Get active

Getting active doesn’t have to be a chore, it can be a great bonding session for the family and as we know, it’s important to keep our children fit and healthy from a young age. A simple ball game in the park along with a healthy picnic can make all the difference while a family game of rounders is always fun and really gets your energy and teamwork flowing. If you want something a bit more adventurous, why not take a bike ride around your local park or area. You and your children will have lots of fun and it will give them the chance to practice their bike riding skills as well as keeping fit. Try to check out the whole of the park - many parks come with history and there are often museums or old buildings that you can visit for free on the park grounds – they’re always worth a look around!

If it’s raining then why not go for a swim! There are many benefits to swimming with your child and it can be an exciting and enriching experience for everyone involved. Swimming teaches water safety and is great for their physical and mental health. It also promotes bonding and builds your child's strength and coordination, developing their natural learning skills.


Children love to copy their parents and gardening is a great activity to encourage your child’s natural interest and curiosity, which is crucial to developing an appreciation of the world around them. For younger children, gardening activities can be centred on understanding different textures of natural materials and the impact of caring and nurturing. For older children, teaching them how to grow flowers and then letting them care for the flowers themselves is really valuable - your child will feel a sense of pride and they’ll gain knowledge on how to take care of things. You could also allow them to grow their own vegetable patch - it will inspire them to eat healthy fruit and veg if they have grown them.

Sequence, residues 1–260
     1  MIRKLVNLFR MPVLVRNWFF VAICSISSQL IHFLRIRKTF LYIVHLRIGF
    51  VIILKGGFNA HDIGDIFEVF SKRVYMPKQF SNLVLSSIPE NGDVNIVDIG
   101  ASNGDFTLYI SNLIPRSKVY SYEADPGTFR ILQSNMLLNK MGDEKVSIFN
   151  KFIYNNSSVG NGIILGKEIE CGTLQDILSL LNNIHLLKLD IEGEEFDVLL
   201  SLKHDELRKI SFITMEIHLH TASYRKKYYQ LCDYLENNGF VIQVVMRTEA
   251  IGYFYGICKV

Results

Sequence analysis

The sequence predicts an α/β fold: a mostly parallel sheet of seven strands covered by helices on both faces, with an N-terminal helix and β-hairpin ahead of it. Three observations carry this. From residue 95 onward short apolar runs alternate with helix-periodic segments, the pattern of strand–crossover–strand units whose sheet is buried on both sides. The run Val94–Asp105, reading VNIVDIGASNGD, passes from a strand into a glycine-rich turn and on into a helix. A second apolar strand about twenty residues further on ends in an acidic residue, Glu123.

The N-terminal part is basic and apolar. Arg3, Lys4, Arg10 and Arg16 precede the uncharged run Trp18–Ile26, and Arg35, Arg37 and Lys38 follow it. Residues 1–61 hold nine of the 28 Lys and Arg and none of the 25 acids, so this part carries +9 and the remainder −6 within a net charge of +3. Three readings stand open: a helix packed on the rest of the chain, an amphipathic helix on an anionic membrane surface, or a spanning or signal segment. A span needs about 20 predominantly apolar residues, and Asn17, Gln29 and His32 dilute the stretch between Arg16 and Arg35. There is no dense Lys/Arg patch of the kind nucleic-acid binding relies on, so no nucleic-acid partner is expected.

Arts, crafts and board game

As the saying goes - there's no such thing as bad weather, only unsuitable clothing but sometimes, you may decide that a little time at home would be helpful. Arts, crafts and board games are excellent activities for when you're staying indoors. Collect random things from around the house such as cereal boxes, empty milk bottles, jars and toilet roll tubes and have a competition on who can make the best artistic creation or have a puppet show – you may even find that you can use the creations around the house. Board games can be fun too – they will teach your children how to concentrate, take it in turns and that it’s okay to not win all of the time.

Family activities don’t have to be expensive, you just need to use your imagination to create an activity that all of the family will love. Introducing your children to useful skills at a young age such as cooking, gardening, reading, writing and learning will prepare them for later on in their life. The more enjoyable you make the activities, the more they will want to do it.